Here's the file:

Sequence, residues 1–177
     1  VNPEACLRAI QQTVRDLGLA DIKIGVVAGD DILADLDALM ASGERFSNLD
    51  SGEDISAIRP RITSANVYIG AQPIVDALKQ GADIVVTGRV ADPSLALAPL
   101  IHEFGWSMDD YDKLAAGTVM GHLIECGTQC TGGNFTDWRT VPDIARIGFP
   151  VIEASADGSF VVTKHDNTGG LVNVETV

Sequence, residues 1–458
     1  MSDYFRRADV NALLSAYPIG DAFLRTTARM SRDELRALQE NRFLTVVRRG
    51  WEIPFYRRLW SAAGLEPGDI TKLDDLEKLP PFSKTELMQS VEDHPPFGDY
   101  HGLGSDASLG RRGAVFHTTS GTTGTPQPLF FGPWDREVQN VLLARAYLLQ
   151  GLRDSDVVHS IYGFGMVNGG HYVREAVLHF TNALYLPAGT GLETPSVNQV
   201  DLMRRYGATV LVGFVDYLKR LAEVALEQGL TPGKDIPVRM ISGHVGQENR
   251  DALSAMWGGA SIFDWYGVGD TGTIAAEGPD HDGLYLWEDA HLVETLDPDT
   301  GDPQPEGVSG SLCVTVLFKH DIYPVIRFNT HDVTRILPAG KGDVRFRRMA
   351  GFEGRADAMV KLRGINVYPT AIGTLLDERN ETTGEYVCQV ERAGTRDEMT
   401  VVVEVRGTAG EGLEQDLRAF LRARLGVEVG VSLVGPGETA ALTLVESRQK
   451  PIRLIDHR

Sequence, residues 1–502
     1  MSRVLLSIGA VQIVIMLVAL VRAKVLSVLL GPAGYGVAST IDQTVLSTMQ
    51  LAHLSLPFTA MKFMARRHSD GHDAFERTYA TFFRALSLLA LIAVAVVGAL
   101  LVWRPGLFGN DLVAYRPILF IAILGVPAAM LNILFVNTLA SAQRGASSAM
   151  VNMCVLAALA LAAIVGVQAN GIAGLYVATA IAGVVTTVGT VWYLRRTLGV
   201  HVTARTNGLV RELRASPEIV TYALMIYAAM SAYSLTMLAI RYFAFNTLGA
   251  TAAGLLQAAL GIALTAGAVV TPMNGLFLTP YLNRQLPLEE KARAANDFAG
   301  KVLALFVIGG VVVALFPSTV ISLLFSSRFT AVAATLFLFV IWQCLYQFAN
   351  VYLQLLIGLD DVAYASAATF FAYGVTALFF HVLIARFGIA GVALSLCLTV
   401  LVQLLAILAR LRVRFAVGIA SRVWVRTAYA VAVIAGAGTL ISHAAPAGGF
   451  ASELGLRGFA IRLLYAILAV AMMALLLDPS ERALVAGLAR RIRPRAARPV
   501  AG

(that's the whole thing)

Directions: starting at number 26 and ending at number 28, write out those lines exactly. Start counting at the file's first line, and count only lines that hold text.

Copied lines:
   401  LVQLLAILAR LRVRFAVGIA SRVWVRTAYA VAVIAGAGTL ISHAAPAGGF
   451  ASELGLRGFA IRLLYAILAV AMMALLLDPS ERALVAGLAR RIRPRAARPV
   501  AG